Recycling rates of metals are far lower than potential for reuse. Less than one-third of 60 studied have a recycling rate above 50 per cent, though many are crucial to clean technologies such as batteries for hybrid cars or magnets in wind turbines.

    The report

      Download the Full Report: EN
      Download the Summary for Policymakers: EN

      Smarter product designs, support for developing country waste management schemes, and encouraging developed country households not to ‘squirrel away’ old electronic goods in drawers and closets could help boost recycling of metals world-wide.

      According to this report, recycling rates of metals are in many cases far lower than their potential for reuse. Less than one-third of some 60 metals studied have an end-of-life recycling rate above 50 per cent and 34 elements are below 1 per cent recycling, yet many of them are crucial to clean technologies such as batteries for hybrid cars to the magnets in wind turbines, says the study.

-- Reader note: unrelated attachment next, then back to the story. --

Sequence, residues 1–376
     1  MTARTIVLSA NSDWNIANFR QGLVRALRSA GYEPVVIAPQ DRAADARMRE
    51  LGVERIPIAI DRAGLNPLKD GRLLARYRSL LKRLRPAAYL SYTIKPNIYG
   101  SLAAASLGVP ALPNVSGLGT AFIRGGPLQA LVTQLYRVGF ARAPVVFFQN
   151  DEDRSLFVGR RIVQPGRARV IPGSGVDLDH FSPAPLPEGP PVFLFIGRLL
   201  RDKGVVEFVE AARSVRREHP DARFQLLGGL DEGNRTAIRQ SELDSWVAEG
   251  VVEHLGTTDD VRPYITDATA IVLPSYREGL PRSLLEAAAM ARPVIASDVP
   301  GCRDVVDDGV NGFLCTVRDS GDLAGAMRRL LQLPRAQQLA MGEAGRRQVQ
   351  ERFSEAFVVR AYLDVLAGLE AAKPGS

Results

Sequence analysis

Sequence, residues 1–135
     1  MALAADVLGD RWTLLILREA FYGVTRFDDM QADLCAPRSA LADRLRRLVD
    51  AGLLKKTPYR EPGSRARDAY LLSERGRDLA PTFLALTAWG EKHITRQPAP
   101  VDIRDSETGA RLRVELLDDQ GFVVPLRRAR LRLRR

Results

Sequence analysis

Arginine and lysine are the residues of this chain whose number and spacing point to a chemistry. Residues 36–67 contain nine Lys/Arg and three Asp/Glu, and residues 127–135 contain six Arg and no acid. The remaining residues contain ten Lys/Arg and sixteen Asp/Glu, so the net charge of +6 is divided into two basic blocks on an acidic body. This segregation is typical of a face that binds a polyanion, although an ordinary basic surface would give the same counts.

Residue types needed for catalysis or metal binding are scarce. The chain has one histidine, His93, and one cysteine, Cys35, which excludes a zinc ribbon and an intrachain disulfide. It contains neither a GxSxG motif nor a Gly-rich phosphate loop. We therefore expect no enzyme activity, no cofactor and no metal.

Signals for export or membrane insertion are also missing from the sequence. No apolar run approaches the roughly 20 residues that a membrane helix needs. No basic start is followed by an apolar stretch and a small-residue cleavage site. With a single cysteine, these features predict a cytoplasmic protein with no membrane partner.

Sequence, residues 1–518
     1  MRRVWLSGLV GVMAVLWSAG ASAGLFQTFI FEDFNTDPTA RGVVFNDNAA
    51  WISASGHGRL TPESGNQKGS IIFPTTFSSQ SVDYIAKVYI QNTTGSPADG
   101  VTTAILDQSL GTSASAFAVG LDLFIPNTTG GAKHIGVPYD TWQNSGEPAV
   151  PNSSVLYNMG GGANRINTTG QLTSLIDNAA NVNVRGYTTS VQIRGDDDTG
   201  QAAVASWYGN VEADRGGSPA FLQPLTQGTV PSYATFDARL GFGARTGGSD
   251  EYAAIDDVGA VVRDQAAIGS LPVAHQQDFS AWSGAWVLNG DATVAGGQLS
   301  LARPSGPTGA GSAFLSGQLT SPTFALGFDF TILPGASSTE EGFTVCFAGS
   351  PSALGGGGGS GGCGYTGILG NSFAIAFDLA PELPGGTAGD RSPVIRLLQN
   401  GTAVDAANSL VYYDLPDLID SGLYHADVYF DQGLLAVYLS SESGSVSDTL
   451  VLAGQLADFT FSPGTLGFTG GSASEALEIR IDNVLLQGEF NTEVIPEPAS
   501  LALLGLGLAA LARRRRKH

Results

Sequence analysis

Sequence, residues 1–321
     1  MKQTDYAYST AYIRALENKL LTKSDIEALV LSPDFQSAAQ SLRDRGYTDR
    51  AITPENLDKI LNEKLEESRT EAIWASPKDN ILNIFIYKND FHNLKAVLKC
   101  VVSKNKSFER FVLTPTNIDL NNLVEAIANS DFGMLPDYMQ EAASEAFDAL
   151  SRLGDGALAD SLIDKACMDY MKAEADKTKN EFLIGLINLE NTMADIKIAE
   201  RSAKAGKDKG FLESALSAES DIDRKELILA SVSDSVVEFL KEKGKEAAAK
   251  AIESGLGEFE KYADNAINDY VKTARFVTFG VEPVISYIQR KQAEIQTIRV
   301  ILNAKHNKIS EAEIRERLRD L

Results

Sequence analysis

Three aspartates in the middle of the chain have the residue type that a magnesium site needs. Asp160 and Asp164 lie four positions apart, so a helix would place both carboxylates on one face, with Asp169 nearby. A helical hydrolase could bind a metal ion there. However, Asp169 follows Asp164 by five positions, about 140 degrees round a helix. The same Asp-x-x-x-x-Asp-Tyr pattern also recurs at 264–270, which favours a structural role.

“In spite of significant efforts in a number of countries and regions, many metal recycling rates are discouragingly low, and a ‘recycling society’ appears no more than a distant hope,” states the Recycling Rates of Metals: A Status Report, compiled by UNEP’s International Resource Panel.

      • UNEP (2011), Recycling Rates of Metals – A Status Report. A Report of the Working Group on Global Metal Flows to the International Resource Panel. Graedel, T.E; Allwood, J; Birat, J-P; Reck, B.K; Sibley, S.F; Sonnemann, G; Buchert, M; Hagelüken, C.

      Additional resources

      Picture: Freeimages/OZGUR ARI

      Did you know?

      Main metal-containing items for post-consumer waste are cars, electronic appliances and packaging.

      Picture: Freeimages/Judith Hakze

      Did you know?

      Economic development is deeply linked to the use of metals.

      Picture: Freeimages/LAURENT COTTIER

      Did you know?

      Smartphones, flat-screen TVs and USB keys all drive demand for specialty and precious metals.

      Other reports